Eyeglasses correct vision problems, such as nearsightedness, farsightedness, astigmatism, and presbyopia by focusing light more appropriately on the retina.
The type of vision problem that you have determines the shape of the eyeglass lens. For example, a lens that is concave, or curves inward, is used to correct nearsightedness, while a lens that is convex, or curves outward, is used to correct farsightedness. To correct astigmatism, which is caused by distortions in the shape of the cornea, a cylinder-shaped lens is used. Presbyopia requires bifocal or multifocal lenses.
What are multifocal lenses?
People who have more than one vision problem often need glasses with multifocal lenses. Multifocal lenses, bifocals, trifocals, or progressive lenses are lenses that contain two or more vision-correcting prescriptions.
- Bifocals: Bifocals are the most common type of multifocal lens. The lens is split into two sections; the upper part is for distance vision and the lower part for near vision. They are usually prescribed for people over the age of 40 whose focusing ability has declined because of presbyopia.
- Trifocals: Trifocals are simply bifocals with a third section for people who need help seeing objects that are within an arm's reach.
- Progressive: Progressive lenses have a continuous gradient (inclined) lens which focuses progressively closer as one looks down through the lens.
What types of lenses are available?
In the past, eyeglass lenses were made exclusively of glass; today, however, most lenses are made of plastic. Plastic lenses are lighter, do not break as easily as glass lenses, and can be treated with a filter to keep out ultraviolet light, which can be damaging to the eyes. However, glass lenses are more resistant to scratches than plastic ones.
As technology advances so, too, do eyeglass lenses. The following modern lenses are lighter, thinner, and more scratch-resistant than the common plastic and glass lenses:
- Polycarbonate lenses: These lenses are impact-resistant and are a good choice for people who regularly participate in sporting activities, work in a job environment in which their glasses may be easily scratched or broken, and for children who may easily drop and scratch their glasses.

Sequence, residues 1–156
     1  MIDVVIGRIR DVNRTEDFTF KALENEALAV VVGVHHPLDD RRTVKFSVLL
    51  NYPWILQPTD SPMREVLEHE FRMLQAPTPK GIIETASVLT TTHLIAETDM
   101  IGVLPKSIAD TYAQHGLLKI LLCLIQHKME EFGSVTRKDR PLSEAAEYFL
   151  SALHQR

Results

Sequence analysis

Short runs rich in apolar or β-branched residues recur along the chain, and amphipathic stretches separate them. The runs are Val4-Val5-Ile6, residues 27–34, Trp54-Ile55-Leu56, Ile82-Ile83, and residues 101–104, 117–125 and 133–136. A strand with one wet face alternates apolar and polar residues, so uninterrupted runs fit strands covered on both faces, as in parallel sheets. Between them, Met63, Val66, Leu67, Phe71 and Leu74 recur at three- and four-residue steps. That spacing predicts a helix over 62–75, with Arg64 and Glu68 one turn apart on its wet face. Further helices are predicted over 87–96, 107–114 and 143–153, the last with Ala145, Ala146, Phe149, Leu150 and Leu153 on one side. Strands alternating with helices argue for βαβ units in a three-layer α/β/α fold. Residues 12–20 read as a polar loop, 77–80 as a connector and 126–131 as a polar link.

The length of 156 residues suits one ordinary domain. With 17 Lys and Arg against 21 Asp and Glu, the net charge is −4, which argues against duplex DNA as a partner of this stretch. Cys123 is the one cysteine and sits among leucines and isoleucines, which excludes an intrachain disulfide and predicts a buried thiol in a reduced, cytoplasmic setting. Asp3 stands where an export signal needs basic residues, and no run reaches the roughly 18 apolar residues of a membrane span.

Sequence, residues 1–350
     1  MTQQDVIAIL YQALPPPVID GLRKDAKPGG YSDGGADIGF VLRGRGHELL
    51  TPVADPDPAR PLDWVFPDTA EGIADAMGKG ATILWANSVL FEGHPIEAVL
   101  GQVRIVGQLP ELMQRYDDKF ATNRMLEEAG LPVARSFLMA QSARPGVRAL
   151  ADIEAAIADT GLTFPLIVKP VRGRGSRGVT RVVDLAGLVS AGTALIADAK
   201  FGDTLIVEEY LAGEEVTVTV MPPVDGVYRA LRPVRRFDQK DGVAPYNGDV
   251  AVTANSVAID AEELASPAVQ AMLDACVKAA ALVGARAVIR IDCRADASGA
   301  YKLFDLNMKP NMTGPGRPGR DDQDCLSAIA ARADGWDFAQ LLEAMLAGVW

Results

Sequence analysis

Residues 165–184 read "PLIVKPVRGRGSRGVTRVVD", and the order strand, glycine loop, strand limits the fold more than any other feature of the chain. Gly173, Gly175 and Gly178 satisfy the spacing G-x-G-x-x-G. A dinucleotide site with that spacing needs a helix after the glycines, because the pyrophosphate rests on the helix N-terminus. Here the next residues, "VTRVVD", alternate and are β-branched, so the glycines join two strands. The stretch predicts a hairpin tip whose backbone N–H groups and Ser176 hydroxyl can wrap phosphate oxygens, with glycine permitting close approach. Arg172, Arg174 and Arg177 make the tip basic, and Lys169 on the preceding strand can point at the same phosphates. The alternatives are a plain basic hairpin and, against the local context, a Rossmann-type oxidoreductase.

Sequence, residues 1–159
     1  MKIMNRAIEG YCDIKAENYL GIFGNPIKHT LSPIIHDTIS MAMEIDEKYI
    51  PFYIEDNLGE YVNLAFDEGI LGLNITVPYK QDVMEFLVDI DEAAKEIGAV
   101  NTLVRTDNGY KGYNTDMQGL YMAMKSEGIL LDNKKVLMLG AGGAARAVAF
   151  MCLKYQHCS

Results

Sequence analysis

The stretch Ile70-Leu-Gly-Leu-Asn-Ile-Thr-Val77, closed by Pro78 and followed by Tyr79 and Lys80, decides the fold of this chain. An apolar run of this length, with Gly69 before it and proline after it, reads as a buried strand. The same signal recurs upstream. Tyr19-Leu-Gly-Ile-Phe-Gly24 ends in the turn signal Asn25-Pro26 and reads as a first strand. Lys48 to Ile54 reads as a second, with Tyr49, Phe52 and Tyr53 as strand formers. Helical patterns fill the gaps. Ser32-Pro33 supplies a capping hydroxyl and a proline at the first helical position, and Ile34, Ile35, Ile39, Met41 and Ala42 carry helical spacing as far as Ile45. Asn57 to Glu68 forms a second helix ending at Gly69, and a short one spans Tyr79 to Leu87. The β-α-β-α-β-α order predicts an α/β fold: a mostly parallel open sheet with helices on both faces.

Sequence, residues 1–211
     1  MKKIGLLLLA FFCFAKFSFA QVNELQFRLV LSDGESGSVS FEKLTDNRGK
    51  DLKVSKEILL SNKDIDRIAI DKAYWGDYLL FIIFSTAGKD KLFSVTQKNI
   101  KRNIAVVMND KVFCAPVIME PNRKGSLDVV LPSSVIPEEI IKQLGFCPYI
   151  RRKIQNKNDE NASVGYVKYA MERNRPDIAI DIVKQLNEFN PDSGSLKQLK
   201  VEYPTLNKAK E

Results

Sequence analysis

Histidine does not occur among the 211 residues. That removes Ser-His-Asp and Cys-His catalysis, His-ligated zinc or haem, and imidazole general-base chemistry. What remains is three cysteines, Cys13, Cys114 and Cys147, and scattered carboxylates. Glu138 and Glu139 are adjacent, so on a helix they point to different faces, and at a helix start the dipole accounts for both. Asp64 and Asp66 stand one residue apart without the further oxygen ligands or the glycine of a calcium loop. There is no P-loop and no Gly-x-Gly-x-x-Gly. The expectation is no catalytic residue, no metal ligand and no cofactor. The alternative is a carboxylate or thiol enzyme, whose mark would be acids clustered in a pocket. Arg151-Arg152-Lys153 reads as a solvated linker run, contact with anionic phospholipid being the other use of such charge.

- Photochromic and tinted lenses: Made from either glass or plastic, these lenses change from clear to tinted when exposed to sunlight. This eliminates the need for prescription sunglasses.
- High-index plastic lenses: Designed for people who require strong prescriptions, these lenses are lighter and thinner than the standard, thick lenses that may otherwise be needed.
- Aspheric lenses: These lenses are unlike typical lenses, which are spherical in shape. Aspheric lenses are made up of differing degrees of curvature over its surface, which allows the lens to be thinner and flatter than other lenses. This also creates a lens with a much larger usable portion than the standard lens.
If you have questions about which type of lens is right for you, talk to your eye doctor. He or she can help you choose the lenses that are best for you based on your lifestyle and vision needs.
Caring for your eyeglasses
Always store your eyeglasses in a clean, dry place away from potential damage. Clean your glasses with water and a non-lint cloth, as necessary, to keep them spot-free and prevent distorted vision.
How often should I change my glasses?
Generally an eyeglass prescription is good for a year, sometimes longer. Some circumstances may lead to a need for new glasses at a shorter interval. They include:
- Increasing nearsightedness in the teen years
- Presbyopia in midlife
- Developing cataracts
- Onset of diabetes
If your vision is decreasing in one or both eyes, you should check to see if you need new glasses or to be sure that there is no significant disease that may require treatment.
© Copyright 1995-2015 The Cleveland Clinic Foundation. All rights reserved.
Can't find the health information you’re looking for?
This information is provided by the Cleveland Clinic and is not intended to replace the medical advice of your doctor or health care provider. Please consult your health care provider for advice about a specific medical condition. This document was last reviewed on: 3/17/2015…#8593